On the latter point, we will have to watch the progress of the billions of dollars of claims. Libor directly governs the rates charged daily on $10 trillion in mortgages, loans and credit card rates, and is the rate against which up to $800 trillion of derivatives are set.

Even if no one was hurt, there is a key question of trust. The banksters have betrayed public trust, which is surely the most important attribute. As Martin Wolf of the Financial Times put it: "Banks, as presently constituted and managed, cannot be trusted to perform any publicly important function, against the perceived interests of their staff. Today's banks represent the incarnation of profit-seeking behavior taken to its logical limits, in which the only question asked by senior staff is not what is their duty or responsibility, but what can they get away with."

That should be damning enough. Bankers in the modern age were supposed to be paragons of virtue — able, along with lawyers and priests, to countersign important documents because their word was their bond.

In the bad old Dark Ages, bankers supported kings and took their risks. As professor Michael Hudson recounts in an essay on the development of banking, in 1307, Philip IV of France, also known as "The Fair", seized the wealth of the Knights Templar and put many of them to death, not on financial charges but [for] "devil-worshipping and satanic sexual practices. The Peruzzi and Bardi banks went bust for unsecured loans to England's Edward III.

Later, in the classic era of modern banking, bankers took deposits and lent them, paying depositors less than they charged for loaning money to whom they hoped were budding entrepreneurs.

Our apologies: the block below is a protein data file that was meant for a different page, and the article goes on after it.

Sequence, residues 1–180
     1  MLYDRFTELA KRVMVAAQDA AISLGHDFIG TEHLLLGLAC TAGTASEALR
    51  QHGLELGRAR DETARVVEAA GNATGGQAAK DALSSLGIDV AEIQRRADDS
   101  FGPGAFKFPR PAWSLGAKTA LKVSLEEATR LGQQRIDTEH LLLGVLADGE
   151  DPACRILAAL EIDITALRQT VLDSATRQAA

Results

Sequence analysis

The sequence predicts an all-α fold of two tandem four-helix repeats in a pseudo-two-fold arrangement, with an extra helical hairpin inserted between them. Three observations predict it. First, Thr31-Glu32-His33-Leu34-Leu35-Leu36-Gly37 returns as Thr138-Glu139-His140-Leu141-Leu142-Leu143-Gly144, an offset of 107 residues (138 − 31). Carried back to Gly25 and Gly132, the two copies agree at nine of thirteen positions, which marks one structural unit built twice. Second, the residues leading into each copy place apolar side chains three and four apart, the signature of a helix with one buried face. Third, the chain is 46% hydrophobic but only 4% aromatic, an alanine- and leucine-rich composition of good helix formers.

In some countries, bankers took a stake in the entrepreneur's enterprise, hoping to share the profits. But as Hudson points out, the risks were borne by the bankers, not the depositors or the government.

These days, the financial business has gotten out of hand. Banks' major customers are not industrialists, nor is the pursuit of economic growth the main focus of their lending. The FIRE sector — meaning financial institutions, insurance and real estate — are banks' leading customers.

Hudson charges: "Today, bank loans are increasingly made to speculators in recklessly large amounts for in-and-out trading. Financial crashes have become deeper and affect a wider swath of the population as debt pyramiding has soared and credit quality plunged into the toxic category of 'liars' loans.' "

Just how out of hand banking shenanigans have gotten has been shown by leaked suggestions that the so-called "hedging" losses in the JPMorgan trades by its chief investment office (CIO) may reach $8 billion to $9 billion. No way was this some small topiary event or hedge. After all, hedges are supposed to limit possible losses. This was a highly speculative gamble, something that too-big-to-fail banks should not be doing if they believe they may be protected by public money.

It will not be easy to change the financial culture of gambling. But it is important to protect the public, and the public purse, from banksters' speculation. One has to wonder and worry about politicians' close involvement with bankers, especially in the United States.

Governments should at least ring-fence and protect commercial banking and depositors' money from investment banking, which banks must be left to do at their own peril, and governments should let them go if they gamble and lose. If banksters have to learn the lessons the hard way, that is their problem.

Kevin Rafferty is editor in chief of PlainWords Media.